Many Uses of the Coconut Tree
As eloquently spoken by the gentleman in the video above, the coconut tree is so much more to the Fijian people than the standard definition given in most online reference websites, it is the closest symbol and connection to the soul of mother earth.
The coconut tree as a whole gives us energy and life when we drink its fresh water from the coconut, provides us with medicine from its roots to heal our ailments, with the tree trunk and leaves we are able to create shelter, and watercraft and make our traditional clothing used for ceremonial events, with the raw coconut husk we are able to plant new seedlings to provide nutrition to our families in the future and forge utensils.
The coconut tree is so highly respected in the Fijian culture and has helped to sustain the Fijian way of life for centuries, with this intimate connection, the Fijians are not wasteful, taking only what they need, as the tree gives every part of itself for the needs of others.
Types of Coconuts
|No.||Type||Mature Tree Size||No.||Type||Mature Tree Size|
|1||Malayan Red Dwarf||6 meters (20 feet)||7||Niu Yalewa|
|2||Malayan Yellow Dwarf||10-20 meters (30-60 feet)||8||Rennel Island Tall|
|3||Niu Leka Dwarf||10 meters (30 feet)||9||Rotuman Tall|
|4||Malayan Green Dwarf||10 meters (30 feet)||10||Fiji Tall||6-8 meters (20-25 feet)|
|5||Bu Drau||11||Rotuman Stripe|
|6||Magimagi Tall||12||Fiji Dwarf||8 meters (25 feet)|
What are the physical characteristics of a coconut?
How to husk a coconut?
Coconuts are an important part of Fijian Life, playing an integral cultural role in our cooking, and health, they are symbolic of prosperity and life across the islands. Most food markets and roadside stalls across Fiji have the different types of coconuts available displayed, with the highly skilled salesman able to crack, peel, and grate coconuts for you with a simple ask. Although this makes your life easier and you can appreciate the goodness of the fresh coconut instantly, the experience of knowing how to crack a coconut is a rewarding skill to acquire. very similar to the general well-known adage with a few alterations ‘Give a man a f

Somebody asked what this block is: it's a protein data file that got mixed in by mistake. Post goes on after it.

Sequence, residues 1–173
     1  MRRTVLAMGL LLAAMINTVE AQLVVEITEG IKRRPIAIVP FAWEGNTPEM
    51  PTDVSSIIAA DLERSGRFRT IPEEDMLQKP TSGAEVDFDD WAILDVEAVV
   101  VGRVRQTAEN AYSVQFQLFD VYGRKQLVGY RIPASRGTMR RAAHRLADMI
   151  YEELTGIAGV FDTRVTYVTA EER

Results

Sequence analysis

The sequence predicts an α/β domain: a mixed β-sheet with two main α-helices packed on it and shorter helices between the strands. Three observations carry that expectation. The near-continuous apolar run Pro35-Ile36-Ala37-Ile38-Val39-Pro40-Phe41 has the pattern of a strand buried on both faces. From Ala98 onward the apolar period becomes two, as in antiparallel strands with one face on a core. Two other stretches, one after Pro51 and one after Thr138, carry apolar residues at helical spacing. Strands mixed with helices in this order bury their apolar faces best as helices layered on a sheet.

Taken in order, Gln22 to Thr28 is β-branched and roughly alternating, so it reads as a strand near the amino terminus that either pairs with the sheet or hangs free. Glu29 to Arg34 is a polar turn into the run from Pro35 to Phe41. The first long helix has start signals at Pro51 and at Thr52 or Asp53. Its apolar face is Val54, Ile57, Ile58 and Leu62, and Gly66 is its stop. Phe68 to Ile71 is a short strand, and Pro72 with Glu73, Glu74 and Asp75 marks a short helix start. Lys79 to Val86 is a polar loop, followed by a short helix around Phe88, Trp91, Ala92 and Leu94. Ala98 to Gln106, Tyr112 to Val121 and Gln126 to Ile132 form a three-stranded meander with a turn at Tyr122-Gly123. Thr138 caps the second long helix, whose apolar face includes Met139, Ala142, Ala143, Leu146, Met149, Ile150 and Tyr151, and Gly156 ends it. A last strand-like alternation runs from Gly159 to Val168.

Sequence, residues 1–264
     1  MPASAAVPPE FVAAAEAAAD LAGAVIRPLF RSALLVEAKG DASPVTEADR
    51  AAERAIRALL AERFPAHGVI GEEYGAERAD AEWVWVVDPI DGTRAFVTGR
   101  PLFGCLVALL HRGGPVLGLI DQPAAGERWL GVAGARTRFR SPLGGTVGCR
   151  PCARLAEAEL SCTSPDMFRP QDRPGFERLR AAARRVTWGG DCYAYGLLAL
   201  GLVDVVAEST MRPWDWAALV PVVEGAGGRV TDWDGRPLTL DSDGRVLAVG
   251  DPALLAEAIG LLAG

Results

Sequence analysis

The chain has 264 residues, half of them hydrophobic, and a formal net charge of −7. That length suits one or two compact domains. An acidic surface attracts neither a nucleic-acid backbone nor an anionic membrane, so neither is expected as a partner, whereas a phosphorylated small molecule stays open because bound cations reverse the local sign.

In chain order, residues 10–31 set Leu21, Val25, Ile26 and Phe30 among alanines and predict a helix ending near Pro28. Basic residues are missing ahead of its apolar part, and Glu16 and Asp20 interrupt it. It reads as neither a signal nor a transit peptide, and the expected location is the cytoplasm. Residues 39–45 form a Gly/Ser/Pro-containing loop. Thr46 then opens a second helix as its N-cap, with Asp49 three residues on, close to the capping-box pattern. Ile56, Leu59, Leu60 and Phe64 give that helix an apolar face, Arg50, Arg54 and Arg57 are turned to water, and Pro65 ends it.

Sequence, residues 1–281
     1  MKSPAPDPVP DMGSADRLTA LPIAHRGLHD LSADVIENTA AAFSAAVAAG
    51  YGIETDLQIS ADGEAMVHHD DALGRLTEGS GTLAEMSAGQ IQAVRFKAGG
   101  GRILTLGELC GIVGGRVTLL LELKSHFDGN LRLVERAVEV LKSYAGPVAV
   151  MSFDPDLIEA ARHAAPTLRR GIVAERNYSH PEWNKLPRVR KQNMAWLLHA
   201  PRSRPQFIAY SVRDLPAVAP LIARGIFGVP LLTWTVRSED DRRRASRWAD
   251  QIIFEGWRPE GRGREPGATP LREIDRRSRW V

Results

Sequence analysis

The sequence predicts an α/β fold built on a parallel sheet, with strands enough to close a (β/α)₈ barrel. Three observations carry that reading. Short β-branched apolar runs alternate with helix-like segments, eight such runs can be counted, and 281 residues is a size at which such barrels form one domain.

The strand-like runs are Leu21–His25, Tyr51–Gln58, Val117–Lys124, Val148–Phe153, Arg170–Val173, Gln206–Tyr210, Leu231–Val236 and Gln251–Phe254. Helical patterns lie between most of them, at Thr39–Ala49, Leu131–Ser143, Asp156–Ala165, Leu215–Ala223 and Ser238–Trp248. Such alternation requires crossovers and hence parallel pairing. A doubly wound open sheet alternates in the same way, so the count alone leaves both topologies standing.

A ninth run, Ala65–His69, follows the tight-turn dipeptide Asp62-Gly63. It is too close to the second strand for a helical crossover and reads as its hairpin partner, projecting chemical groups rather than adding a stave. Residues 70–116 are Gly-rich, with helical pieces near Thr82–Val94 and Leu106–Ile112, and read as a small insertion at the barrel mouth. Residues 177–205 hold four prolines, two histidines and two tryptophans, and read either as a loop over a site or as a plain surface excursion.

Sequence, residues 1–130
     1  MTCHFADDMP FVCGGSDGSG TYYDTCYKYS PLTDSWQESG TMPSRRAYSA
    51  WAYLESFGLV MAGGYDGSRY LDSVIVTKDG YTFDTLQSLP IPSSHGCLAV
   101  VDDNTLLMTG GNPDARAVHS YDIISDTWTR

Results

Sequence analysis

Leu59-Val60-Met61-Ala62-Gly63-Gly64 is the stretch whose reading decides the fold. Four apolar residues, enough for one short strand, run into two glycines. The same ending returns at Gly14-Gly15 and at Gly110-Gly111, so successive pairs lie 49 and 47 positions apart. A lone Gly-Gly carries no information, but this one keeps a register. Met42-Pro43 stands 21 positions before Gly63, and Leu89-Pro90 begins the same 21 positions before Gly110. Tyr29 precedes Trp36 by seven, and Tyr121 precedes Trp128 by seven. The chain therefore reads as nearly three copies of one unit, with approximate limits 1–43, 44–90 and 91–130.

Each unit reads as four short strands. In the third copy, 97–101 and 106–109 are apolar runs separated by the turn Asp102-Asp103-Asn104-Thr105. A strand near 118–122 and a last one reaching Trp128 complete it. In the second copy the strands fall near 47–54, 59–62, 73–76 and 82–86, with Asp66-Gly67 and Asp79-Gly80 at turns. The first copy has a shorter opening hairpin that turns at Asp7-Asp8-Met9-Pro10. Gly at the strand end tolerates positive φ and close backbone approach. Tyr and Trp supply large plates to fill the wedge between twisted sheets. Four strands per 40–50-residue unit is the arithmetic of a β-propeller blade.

ish coconut, and you feed him for a day, teach a man to dehusk a fish coconut, and you feed him for a lifetime’. The following few steps will help you to acquire this very skill, so when you are on our shores and you spot that tantalizing mouth-watering fruit dangling from the palm tree you will without pause know what to do…
STEP 1 – Good or Bad Nut
A few telltale signs that will help you pick the good ‘nut’ from the bad ‘nut’, here is a quick cheat sheet of pointers —
- Look for lots of fresh fibers (lush almost damp) on the coconut, the dried-out older coconuts are smaller and have a darker brown coloration
- Clasp the coconut in your hands and feel the weight, the coconut should have a substantial weight, if it feels light in the hands in relation to its size, it’s probably dried up in the hot Fijian sun (Not Good).
- Check the outer shell of the coconut for any cracks or blemishes that could have let in the air potentially spoiling the coconut flesh (Not Good).
- Finally, the sloshing test, if the ‘nut’ has passed the first three observational tests (Lots of lush fibers, substantial weight, and no cracks), gently shake the coconut next to your ear, if you can hear the sound of the copious amounts of liquid gold being jostled against the inner lining of the shell, you have hit the jackpot, read on and discover how to tap into this rich reservoir.
Step 2 – Dehusking (cracking the outer shell)
- Preparation – Before you start reenacting the scene of Tom Hanks in the movie ‘Cast Away‘ where he is marooned in Fiji. (The full Coconut scene can be watched here), remove as much of the dried husk from the shell as possible, as this will dampen the blows.